|Stories - Part Two: Why Do People Do What They Do?
The purpose of magic in fairy tales is to overcome a dramatic problem that holds up the storyline. In the case of transport there are flying broomsticks, magic boots, flying carpets, flying horses, etc. They have a single purpose of getting someone somewhere fast. Today, transport and communications has largely replaced the need for magic in these situations. Perhaps the nearest we have to 'magic' today would be in the James Bond movies where he has an array of weapons made from unlikely objects.
Magic also gives us a sense of wonder. A feeling that there is something beyond our knowledge that has yet to be explored. As children we love to learn tricks that astound others. There is a sense of power that comes from this as well. We like to believe that there is a Loch Ness Monster, flying saucers, and events that have no explanation other than some 'magical' power that we do not understand. The idea that we know the explanation of everything would make life boring.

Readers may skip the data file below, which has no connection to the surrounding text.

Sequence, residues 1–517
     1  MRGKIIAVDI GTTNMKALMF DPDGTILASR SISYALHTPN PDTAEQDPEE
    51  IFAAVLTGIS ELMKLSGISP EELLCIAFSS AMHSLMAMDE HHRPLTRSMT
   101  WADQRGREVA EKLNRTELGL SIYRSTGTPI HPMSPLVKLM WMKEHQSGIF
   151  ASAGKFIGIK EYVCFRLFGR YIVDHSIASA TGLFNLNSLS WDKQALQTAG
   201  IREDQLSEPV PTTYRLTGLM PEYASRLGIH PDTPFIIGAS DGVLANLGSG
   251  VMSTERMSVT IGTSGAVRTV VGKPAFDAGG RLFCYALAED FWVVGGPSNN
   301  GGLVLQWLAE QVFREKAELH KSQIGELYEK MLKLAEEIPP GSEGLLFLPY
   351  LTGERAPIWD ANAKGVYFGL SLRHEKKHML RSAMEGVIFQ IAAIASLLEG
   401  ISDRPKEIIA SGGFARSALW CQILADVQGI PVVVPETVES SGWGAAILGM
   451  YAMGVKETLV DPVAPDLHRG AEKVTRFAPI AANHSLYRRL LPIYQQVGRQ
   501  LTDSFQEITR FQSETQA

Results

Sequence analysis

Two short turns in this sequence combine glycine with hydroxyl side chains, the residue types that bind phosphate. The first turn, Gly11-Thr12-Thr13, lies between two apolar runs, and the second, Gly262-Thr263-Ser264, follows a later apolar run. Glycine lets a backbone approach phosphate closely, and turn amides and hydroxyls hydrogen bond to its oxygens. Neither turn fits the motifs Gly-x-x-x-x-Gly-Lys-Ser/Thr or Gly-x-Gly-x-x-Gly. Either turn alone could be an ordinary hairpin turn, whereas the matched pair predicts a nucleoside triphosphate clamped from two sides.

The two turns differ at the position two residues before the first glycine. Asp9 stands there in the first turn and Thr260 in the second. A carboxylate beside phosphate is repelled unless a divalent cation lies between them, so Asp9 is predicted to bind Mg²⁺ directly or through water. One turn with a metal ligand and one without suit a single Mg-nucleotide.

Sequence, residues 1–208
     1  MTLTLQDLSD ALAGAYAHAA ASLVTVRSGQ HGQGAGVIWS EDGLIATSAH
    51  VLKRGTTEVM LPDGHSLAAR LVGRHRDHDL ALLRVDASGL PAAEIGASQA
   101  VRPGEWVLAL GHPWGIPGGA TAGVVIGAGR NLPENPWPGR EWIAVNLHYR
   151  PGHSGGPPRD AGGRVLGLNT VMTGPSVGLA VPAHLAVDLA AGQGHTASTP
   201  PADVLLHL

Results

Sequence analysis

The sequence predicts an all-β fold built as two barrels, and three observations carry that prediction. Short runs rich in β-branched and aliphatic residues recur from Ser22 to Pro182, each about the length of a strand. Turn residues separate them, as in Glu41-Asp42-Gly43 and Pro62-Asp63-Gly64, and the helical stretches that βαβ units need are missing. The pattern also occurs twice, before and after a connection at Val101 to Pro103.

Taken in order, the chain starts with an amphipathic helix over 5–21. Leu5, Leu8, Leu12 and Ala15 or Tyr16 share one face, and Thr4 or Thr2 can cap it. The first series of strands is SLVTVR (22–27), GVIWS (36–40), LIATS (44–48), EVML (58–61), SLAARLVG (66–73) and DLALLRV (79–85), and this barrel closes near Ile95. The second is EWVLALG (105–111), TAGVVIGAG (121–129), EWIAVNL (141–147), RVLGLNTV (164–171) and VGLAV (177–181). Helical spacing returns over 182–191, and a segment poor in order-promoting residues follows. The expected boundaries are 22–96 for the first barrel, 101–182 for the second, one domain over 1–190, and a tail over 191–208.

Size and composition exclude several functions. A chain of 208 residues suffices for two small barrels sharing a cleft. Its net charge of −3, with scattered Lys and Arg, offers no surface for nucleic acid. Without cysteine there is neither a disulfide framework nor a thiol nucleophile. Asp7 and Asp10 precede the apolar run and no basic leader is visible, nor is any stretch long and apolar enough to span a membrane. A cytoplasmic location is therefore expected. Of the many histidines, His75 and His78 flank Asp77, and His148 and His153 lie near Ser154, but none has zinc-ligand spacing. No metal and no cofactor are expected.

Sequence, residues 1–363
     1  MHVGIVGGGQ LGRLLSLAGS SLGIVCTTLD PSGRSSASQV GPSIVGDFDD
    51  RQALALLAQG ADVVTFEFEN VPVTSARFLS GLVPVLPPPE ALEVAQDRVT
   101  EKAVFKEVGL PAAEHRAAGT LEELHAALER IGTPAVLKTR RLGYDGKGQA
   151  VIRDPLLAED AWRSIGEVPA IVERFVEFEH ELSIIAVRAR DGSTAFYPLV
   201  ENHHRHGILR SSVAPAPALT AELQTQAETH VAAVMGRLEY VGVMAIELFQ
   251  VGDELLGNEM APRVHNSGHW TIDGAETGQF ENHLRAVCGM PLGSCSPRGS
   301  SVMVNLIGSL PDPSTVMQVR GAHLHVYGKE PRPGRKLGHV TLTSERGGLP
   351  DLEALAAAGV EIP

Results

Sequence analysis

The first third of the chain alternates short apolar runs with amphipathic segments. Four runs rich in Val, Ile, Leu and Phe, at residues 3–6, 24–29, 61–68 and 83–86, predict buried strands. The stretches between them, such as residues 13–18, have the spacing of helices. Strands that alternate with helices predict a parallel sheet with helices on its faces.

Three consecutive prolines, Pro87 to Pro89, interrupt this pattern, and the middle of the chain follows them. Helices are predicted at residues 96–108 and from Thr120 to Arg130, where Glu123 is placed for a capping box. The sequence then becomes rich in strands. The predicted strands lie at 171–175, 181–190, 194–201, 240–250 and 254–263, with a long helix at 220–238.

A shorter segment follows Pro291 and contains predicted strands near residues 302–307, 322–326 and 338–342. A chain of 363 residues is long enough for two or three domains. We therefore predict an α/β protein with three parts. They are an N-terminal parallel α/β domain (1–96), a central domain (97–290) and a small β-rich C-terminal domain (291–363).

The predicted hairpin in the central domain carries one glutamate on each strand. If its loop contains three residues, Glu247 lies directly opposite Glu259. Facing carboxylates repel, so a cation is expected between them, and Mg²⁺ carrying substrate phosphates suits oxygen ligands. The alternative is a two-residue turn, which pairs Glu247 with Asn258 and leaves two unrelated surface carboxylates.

There is also the idea that magic, like medicine, has effects that will wear off in time. Cinderella's coach and horses and her clothes for the ball only lasted till midnight. Again, they were created from other items: the coach from a pumpkin, etc. This aspect of magic of 'like unto like' requires that certain attributes are necessary before the item can be changed. To use magic as an all-powerful force that can solve anything undermines the purpose of a story, which is essentially to show how characters deal with problems.
Rather than use magic it is better to push credibility to its limits. Popeye uses spinach to increase his strength, his pipe becomes a funnel, and his legs twist and untwist to become a propeller. The similarity of shape, attribute, and purpose make it funnier and more imaginative than magic. In this case we are dealing with conceptual similarities.
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